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Review

Experimental Nuclear Medicine Meets Tumor Biology

1
Ludwig Boltzmann Institute Applied Diagnostics, 1090 Vienna, Austria
2
Department for Biomedical Imaging and Image Guided Therapy, Division of Nuclear Medicine, Medical University of Vienna, 1090 Vienna, Austria
3
Department of Inorganic Chemistry, Faculty of Chemistry, University of Vienna, 1090 Vienna, Austria
4
Department of Pathology, Medical University of Vienna, 1090 Vienna, Austria
*
Author to whom correspondence should be addressed.
Pharmaceuticals 2022, 15(2), 227; https://doi.org/10.3390/ph15020227
Submission received: 5 January 2022 / Revised: 1 February 2022 / Accepted: 4 February 2022 / Published: 14 February 2022

Abstract

:
Personalized treatment of cancer patients demands specific and validated biomarkers for tumor diagnosis and therapy. The development and validation of such require translational preclinical models that recapitulate human diseases as accurately as possible. Moreover, there is a need for convergence of different (pre)clinical disciplines that openly share their knowledge and methodologies. This review sheds light on the differential perception of biomarkers and gives an overview of currently used models in tracer development and approaches for biomarker discovery.

1. Introduction

Cancer is one of the leading public health care issues, which imposes a high clinical burden and requires a vast amount of economic resources [1]. According to the World Health Organization, cancer incidence, prevalence and mortality are expected to increase due to population growth and aging [2]. Therefore, it is of high importance to develop strategies to ensure sustainable healthcare systems, identify patients who may benefit from effective cancer treatment and avoid treatment-related toxicity. One of the ways this can be accomplished is with personalized medicine and cancer biomarkers [3,4]. Personalized diagnosis of diseases in turn strongly depends on the collaboration of different clinical disciplines, which implies the sharing of methods and ideas [5]. This review aims to create a common language between the distinct fields of experimental nuclear medicine and molecular pathology and gives an overview of different approaches for biomarker discovery and currently used models in tracer development.

2. Biomarkers

Biomarkers are characteristic biological features that can be objectively measured and indicate a normal biological or pathological process in the body. In literature, a variety of biomarkers derived from molecular, histologic, physiologic or radiographic disease characteristics can be found: blood glucose levels, protein expression, and blood pressure or tumor size, respectively. Even complex organ functions or changes in biological structures are used as medical biomarkers [6].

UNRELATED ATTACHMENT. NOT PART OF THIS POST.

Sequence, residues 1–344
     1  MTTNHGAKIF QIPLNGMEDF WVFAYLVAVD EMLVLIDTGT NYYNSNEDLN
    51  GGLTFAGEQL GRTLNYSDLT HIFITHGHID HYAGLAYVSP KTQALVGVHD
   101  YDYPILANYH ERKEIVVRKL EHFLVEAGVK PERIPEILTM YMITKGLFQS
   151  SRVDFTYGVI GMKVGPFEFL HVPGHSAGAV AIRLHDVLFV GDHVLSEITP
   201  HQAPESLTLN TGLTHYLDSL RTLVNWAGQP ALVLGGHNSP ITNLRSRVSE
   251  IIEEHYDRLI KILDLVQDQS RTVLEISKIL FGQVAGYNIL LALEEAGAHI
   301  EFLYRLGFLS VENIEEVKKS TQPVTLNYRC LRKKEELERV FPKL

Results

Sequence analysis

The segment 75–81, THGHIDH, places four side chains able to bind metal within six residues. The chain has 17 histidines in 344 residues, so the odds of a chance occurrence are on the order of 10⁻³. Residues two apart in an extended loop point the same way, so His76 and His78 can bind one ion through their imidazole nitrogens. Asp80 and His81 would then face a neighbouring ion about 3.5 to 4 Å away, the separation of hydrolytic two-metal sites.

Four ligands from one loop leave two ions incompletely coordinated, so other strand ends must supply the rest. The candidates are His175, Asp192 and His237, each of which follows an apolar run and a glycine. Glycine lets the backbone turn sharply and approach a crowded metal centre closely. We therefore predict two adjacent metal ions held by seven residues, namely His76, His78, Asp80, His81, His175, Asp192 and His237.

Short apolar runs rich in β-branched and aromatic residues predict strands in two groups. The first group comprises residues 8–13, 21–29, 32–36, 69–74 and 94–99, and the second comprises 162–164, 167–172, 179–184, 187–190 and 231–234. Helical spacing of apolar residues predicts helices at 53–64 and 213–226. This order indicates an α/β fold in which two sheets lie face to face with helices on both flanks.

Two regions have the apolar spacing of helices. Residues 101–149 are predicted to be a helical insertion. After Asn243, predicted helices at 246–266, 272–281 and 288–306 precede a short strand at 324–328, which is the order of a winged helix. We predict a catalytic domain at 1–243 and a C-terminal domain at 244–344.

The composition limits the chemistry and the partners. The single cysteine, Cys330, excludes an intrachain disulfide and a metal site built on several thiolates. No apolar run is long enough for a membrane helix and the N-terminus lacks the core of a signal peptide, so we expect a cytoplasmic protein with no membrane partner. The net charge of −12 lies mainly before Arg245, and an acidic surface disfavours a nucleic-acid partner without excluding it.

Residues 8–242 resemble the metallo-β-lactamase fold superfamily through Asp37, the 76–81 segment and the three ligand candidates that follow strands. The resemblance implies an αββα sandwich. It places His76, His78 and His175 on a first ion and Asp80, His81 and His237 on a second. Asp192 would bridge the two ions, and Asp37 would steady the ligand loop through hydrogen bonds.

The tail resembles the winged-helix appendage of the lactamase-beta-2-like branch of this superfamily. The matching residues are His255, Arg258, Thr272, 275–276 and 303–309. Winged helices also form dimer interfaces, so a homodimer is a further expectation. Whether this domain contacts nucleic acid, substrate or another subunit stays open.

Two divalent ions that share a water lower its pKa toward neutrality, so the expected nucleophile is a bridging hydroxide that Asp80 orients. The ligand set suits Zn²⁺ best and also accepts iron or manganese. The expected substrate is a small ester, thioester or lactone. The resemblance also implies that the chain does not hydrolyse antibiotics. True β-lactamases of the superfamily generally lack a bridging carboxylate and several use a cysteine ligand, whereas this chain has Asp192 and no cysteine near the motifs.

Furthermore, one distinguishes between diagnostic, prognostic, predictive and therapeutic biomarkers [7,8]. Literally, diagnostic biomarkers are “used to detect or confirm presence of a disease or condition of interest or to identify individuals with a subtype of the disease” [6]. Prognostic biomarkers are patient or tumor characteristics that inform on disease outcome, such as recurrence or progress, independent of treatment. Whereas, predictive biomarkers predict the response of an individual patient to a certain therapy and therefore allow for patient stratification [9]. Patients can thereby be spared from potential toxicity caused by ineffective treatment [8].
The following examples are given to underline these different aspects of biomarkers: Patients with PD-L1 overexpression tend to have a higher response to anti-PD-L1 directed therapy. This is the case especially for non-small cell lung cancer and melanoma. However, the high responses of some patients with low expression levels complicate the use of PD-L1 as an exclusionary predictive biomarker [10]. The value of PD-L1 as a predictive biomarker also varies when addressing different clinical outcomes such as objective response rate, overall survival rate or progression-free survival [11]. Not only the outcome but also the cut-off value needs to be considered carefully [10]. In colorectal cancer, microsatellite instability is a prognostic marker linked to improved survival, likely due to higher infiltration of tumor-infiltrating lymphocytes and M1 macrophages, or lower tumor heterogeneity [12]. Therapeutic biomarkers are biomarkers, used as a target for therapy [8], e.g., vascular growth factors or their receptors are targeted alone or in combination with chemotherapy, to inhibit angiogenesis and affect vascular function [13]. The prostate-specific membrane antigen and its elevated expression is used for diagnosis as well as therapy of prostate cancer but may also potentially play a role as a predictive marker in men with metastatic prostate cancer [14].